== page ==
Detroit, a city built on the American Dream, now harbouring killers and dreams that shouldn’t see the light of day. A gruesome murder with no motives. Detective Gabi Versado leads the case, all hands on deck, filling in the gaps. At home, her teenage daughter surfs the web fishing for perverts. In this digital age, nothing stays hidden for ever and there’s one broken man who needs to be found before it’s too late.
Don’t make the mistake of judging Broken Monsters on the first few chapters. It starts off like any other serial killer thriller and you may start to wonder if Lauren Beukes has turned her pen to vanilla crime fiction. There a single parent detective, a down on his luck journalist and a group of people on the edges of society. However it’s one of those books that just gets better and better as the story unfolds. Keep turning the pages to reveal a serial killer yarn intertwined with social commentary on the internet age against a backdrop of urban decay.
What hope does he have? The world is condensing, attention spans narrowing to tiny screens, and there are people who are wittier and smarter, who know how to write for those nanospaces.
Where The Shining Girls was firmly rooted in the past, Broken Monsters is very much in the now. Lauren writes modern life so well with so many observations that make you think or nod in agreement. Both the journalist and the artists struggle with the quest for originality; everything has been done before and everyone can have an audience via digital media. How do you stand out? How do you make a living? There’s comments on everything from self-publishing and cyber bullying to dwindling attention spans and competition for audience.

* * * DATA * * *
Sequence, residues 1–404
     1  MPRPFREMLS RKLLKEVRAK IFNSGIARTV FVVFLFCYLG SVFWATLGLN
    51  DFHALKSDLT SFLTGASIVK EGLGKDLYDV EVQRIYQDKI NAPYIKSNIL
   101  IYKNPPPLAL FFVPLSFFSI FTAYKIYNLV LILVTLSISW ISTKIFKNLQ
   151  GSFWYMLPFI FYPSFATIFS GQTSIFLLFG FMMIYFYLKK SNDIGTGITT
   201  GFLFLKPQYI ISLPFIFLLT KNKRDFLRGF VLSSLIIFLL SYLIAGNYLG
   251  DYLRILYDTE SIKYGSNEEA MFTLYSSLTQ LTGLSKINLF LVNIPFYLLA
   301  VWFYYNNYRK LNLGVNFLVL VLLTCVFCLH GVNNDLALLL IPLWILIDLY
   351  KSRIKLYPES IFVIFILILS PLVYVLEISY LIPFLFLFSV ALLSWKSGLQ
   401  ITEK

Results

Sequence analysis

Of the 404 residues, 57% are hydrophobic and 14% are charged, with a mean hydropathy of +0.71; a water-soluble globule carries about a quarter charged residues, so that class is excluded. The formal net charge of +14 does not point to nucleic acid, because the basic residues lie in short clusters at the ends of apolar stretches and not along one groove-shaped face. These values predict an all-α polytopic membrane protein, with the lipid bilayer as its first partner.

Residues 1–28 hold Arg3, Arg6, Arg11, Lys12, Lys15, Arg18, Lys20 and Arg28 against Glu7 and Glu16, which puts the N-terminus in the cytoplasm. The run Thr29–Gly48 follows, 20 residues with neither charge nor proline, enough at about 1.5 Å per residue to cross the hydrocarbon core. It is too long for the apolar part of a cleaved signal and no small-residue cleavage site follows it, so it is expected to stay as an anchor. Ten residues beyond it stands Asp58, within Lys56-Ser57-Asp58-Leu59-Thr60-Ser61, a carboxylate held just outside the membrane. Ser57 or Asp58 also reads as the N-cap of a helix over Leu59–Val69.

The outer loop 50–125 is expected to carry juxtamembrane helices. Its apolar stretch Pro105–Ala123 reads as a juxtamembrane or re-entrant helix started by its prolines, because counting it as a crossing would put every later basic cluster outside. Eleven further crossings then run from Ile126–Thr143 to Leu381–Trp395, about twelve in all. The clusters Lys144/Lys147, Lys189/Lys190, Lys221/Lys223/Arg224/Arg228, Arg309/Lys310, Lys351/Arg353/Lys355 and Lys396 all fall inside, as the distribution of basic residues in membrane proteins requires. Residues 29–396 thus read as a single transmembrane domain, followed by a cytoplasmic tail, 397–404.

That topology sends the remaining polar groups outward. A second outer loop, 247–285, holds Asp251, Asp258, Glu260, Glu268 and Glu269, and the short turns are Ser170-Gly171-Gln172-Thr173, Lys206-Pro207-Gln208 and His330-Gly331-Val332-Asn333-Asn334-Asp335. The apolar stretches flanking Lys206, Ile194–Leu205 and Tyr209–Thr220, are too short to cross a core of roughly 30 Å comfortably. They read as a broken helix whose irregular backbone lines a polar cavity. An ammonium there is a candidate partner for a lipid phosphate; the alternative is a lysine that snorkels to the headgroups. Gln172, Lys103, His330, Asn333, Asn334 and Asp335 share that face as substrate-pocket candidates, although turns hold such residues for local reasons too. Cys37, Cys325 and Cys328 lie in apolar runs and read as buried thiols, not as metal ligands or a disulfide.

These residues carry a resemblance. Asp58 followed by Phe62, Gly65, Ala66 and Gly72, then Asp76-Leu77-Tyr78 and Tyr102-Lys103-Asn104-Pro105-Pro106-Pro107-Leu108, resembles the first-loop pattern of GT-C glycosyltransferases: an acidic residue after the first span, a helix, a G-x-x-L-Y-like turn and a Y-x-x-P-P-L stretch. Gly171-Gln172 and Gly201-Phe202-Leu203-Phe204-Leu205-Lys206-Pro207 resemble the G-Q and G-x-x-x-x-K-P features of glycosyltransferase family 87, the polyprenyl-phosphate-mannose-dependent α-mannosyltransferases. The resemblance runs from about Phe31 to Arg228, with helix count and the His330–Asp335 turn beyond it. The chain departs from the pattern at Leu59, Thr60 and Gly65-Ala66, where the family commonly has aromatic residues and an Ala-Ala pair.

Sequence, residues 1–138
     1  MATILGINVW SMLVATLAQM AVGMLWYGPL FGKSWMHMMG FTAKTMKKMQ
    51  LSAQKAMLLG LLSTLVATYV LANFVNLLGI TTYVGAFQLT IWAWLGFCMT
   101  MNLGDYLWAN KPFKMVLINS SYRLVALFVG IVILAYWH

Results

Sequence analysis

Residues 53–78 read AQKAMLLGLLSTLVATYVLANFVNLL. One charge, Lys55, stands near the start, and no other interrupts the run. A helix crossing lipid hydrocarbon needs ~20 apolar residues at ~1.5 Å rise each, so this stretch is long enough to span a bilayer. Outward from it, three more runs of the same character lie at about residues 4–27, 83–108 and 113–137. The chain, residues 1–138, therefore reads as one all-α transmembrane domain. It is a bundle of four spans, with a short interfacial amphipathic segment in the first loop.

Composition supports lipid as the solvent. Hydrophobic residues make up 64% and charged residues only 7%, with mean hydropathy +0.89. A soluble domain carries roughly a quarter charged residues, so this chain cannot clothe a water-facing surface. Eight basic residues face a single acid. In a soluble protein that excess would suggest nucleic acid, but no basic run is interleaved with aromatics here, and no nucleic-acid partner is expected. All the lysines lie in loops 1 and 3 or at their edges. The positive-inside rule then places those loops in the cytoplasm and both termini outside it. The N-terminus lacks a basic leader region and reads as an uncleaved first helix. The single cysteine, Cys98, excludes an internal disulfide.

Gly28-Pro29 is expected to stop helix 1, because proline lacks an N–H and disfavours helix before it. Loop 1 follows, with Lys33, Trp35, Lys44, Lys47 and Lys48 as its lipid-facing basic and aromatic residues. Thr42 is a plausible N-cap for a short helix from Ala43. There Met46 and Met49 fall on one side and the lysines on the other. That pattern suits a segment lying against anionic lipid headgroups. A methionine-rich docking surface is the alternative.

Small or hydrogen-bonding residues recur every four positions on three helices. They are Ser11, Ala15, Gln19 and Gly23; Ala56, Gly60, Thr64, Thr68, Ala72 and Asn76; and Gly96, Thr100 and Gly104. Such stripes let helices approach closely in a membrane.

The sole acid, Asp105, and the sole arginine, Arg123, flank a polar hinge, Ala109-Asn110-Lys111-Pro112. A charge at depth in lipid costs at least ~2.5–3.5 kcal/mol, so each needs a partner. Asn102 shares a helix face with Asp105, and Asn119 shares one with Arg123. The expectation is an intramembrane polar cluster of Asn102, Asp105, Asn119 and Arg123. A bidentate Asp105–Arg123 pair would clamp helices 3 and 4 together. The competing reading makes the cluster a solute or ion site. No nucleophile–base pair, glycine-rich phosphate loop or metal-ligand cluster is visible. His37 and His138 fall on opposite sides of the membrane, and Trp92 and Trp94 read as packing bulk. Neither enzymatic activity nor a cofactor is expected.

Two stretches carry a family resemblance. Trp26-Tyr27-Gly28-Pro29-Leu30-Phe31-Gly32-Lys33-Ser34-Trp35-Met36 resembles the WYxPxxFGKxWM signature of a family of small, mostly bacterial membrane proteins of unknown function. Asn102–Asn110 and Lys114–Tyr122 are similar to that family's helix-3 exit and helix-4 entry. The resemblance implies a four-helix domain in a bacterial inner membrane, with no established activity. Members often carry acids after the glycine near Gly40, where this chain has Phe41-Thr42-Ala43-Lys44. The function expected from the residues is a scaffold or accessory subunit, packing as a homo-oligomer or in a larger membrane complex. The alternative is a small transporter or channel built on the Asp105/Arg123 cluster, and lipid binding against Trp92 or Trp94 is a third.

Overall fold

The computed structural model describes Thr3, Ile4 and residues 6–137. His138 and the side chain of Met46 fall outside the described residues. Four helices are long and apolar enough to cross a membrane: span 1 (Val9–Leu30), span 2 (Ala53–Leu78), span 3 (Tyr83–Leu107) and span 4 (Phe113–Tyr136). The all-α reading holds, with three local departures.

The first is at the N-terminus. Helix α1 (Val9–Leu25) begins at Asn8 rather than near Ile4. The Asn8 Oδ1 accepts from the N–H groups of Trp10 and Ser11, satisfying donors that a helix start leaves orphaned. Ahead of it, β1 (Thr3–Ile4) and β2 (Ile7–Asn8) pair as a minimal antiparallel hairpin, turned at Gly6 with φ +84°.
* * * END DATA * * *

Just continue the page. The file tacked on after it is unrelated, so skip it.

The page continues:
Shakespeare would have it wrong these days. It’s not the world that’s the stage – it’s social media, where you’re trying to put on a show. The rest of your life is rehearsals, prepping in the wings to be fabulous online.
The book can probably be read in two ways. It’s an engaging thriller that gets seriously creepy in places. I got a bit freaked out reading it late at night with the windows open. On the other hand, there’s a metaphor within the pages; a message about how we live our digital lives. Something that if you spend any significant amount of time on social media, you will no doubt recognise.
Broken Monsters is published by HarperCollins and will be available in hardback and ebook editions from 31st July 2014. Thanks go to the publishers for providing a copy for review.
Shelve next to: Glaze by Kim Curran
Disclosure: I received a copy of this book free of charge for review purposes only. Receipt of a book does not guarantee a review or endorsement. My reviews are my honest opinion and are not biased for the purpose of personal gain.
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